Earlier in the week I wrote some advice for those wanting to pitch bloggers by making your pitch a win/win/win one. Not only do you need to get something out of it but so should the readers of the blog and the blogger.
Today I want to flip this over a little and share some advice for bloggers who are on the receiving end of bad pitches from companies or individuals.
In the past – most of the bad email pitches that I received from companies tended to get immediately deleted. A few I’d angrily respond to – pointing out how one sided the pitch was – but in most cases I simply deleted them.
The problem with this is that it ignored quite a few opportunities to actually develop a relationship with the company pitching me. While their pitch was one sided, unrelational, greedy and perhaps even an attempt at manipulation – by not responding or by responding in anger I was effectively closing the door to further communication and opportunity to work together.
My Advice to Bloggers Getting Bad Pitches
Don’t be afraid to push back a little when you’re being pitched in a one sided way.
If you don’t feel like a pitch is a win/win/win pitch don’t just delete the email or reply with a quick ‘not interested’ – see it as an opportunity. It’s an opportunity on two fronts:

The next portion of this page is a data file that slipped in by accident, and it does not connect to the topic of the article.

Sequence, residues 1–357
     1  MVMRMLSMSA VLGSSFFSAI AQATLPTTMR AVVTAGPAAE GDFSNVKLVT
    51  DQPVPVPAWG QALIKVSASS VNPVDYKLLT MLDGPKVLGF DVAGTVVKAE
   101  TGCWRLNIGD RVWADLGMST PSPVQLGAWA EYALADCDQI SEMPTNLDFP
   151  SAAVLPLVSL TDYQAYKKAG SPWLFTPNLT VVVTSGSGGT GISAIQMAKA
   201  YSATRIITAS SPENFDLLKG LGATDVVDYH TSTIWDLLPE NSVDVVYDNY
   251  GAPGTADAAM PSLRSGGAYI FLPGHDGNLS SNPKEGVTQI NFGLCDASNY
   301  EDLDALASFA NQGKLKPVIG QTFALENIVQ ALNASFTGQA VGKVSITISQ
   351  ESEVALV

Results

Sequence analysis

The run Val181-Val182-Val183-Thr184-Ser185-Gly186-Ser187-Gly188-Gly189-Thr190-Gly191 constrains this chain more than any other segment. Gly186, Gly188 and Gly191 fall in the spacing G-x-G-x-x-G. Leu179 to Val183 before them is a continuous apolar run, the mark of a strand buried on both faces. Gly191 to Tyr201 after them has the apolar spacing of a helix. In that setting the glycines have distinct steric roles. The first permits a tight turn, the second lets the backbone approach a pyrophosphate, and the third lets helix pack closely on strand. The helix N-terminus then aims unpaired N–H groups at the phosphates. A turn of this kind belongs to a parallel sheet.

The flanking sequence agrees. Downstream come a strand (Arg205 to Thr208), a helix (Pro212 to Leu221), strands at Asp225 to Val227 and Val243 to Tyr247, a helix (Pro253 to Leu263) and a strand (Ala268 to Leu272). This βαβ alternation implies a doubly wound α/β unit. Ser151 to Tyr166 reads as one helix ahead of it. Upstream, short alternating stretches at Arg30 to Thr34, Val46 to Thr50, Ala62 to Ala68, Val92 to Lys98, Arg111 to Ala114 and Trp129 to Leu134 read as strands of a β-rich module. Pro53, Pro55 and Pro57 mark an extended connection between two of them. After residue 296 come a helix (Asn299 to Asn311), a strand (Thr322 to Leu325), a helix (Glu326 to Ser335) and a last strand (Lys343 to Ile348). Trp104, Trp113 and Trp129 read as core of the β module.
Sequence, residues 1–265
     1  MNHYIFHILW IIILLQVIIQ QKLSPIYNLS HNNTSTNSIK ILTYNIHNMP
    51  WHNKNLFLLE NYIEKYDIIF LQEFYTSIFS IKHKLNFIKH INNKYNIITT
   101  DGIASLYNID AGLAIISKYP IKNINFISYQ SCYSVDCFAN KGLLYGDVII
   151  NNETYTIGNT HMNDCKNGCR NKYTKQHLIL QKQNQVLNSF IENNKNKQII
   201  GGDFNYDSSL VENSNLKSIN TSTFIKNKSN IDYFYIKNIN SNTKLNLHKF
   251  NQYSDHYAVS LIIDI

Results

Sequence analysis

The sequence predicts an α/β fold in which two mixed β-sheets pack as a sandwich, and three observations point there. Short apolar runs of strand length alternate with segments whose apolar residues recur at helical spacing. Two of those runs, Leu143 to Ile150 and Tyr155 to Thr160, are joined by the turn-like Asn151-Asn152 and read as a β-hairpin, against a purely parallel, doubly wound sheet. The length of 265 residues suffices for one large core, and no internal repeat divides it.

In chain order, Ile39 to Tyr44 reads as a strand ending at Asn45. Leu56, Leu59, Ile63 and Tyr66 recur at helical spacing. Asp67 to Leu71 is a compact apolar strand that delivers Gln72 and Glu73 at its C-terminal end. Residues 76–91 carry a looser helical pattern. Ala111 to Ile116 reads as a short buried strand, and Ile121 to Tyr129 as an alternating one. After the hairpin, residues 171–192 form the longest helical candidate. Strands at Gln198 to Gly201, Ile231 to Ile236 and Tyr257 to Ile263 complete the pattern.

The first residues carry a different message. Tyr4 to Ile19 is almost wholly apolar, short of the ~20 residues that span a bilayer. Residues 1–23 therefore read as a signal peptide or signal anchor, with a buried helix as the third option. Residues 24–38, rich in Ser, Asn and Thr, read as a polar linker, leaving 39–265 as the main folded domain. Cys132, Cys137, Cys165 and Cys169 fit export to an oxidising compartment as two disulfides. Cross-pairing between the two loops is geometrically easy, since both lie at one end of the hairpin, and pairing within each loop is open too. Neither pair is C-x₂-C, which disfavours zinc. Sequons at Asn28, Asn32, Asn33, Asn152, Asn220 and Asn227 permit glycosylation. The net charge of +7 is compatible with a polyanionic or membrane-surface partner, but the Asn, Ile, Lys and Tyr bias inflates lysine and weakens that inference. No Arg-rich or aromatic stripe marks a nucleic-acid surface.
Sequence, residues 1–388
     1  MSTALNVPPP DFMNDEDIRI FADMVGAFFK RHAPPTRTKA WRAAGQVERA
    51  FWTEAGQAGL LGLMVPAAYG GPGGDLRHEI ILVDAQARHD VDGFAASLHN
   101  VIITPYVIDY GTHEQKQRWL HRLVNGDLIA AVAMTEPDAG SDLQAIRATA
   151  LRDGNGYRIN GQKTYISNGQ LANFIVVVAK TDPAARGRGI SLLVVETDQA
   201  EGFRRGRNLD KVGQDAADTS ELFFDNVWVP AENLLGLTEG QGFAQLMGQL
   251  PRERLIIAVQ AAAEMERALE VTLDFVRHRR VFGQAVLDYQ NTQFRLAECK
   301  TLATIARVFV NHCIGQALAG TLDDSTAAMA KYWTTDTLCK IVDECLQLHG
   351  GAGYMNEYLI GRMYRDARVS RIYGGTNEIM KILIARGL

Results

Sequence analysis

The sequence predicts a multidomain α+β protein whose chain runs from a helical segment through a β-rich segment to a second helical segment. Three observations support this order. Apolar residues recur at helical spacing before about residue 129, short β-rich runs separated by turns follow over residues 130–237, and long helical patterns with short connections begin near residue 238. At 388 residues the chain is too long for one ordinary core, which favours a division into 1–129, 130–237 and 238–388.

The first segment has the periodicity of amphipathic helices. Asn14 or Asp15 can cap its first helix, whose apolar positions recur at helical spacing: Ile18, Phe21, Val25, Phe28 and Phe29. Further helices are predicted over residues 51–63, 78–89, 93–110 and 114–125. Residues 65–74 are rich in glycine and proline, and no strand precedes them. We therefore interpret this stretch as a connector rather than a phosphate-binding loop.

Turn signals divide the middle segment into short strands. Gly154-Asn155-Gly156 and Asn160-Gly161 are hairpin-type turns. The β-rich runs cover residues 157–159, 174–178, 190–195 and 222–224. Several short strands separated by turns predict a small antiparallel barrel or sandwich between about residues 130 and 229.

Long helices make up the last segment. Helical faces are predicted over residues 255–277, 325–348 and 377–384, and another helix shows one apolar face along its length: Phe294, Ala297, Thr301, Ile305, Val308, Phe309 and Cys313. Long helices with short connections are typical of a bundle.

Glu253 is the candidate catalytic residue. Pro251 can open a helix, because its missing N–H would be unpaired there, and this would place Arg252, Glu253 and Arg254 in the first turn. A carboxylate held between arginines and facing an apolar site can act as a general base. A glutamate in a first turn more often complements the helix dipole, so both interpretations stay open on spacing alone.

- 1. to educate the person or company pitching you. Show them that you take this seriously, that you treat your blog as a business and that bloggers deserve to be respected. I think many times companies just don’t think of us bloggers in this way and see social media as just something to get them free publicity. We need to take some ownership of fixing this and educate them.
I think it’s also a little ironic that as bloggers and social media types we celebrate our ‘relational’ approach yet don’t reach out and help to educate those who don’t yet get it. Sure, when a company should know better I think it’s fair enough for us to push back harder – but many companies are still finding their feet and need a little education on how to do things.
- it’s an opportunity for business and fruitful partnerships. If you don’t respond at all or push back too aggressively you could be ending any chance of the relationship with the company progressing into win/win/win territory. But if you’re clever enough you might just land yourself a sponsor, affiliate partnership or get some other fruitful interaction.
I generally try to reply with an email that:
- attempts to show the ‘pitcher’ that I’d love to work with them
- that sells my blog/community to them (pointing out readership stats, what our readers are like etc)
- that shows I treat my blog like a business and am looking for partnership and win/win/win interactions
- that suggests some ways we could move forward – I usually start out by pointing out some advertising and affiliate opportunities and share a few things we’ve done before that have delivered value to everyone
The reality is that not everyone will respond – some companies are just looking to manipulate the blogosphere and want free traffic/exposure – but you’ll find in time that some companies will respond and that opportunities which benefit everyone will arise.